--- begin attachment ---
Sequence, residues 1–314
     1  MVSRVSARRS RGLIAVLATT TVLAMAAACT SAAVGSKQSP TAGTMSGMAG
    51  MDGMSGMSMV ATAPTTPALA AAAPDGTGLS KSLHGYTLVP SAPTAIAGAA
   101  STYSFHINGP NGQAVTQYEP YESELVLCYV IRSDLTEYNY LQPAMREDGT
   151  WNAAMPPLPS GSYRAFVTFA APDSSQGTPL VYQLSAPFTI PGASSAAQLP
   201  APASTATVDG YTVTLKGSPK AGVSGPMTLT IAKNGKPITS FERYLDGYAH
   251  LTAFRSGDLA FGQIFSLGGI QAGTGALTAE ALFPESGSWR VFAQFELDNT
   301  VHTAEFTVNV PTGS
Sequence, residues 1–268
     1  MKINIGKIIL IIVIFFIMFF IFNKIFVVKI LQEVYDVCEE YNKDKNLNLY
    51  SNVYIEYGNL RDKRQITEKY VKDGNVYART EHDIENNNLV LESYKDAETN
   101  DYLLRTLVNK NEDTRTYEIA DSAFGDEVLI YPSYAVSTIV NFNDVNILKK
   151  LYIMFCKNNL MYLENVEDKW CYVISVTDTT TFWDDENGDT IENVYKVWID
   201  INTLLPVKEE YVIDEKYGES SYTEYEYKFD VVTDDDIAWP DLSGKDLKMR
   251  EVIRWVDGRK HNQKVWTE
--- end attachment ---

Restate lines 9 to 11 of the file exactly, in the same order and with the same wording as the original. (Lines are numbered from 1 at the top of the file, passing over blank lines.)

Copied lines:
Sequence, residues 1–268
     1  MKINIGKIIL IIVIFFIMFF IFNKIFVVKI LQEVYDVCEE YNKDKNLNLY
    51  SNVYIEYGNL RDKRQITEKY VKDGNVYART EHDIENNNLV LESYKDAETN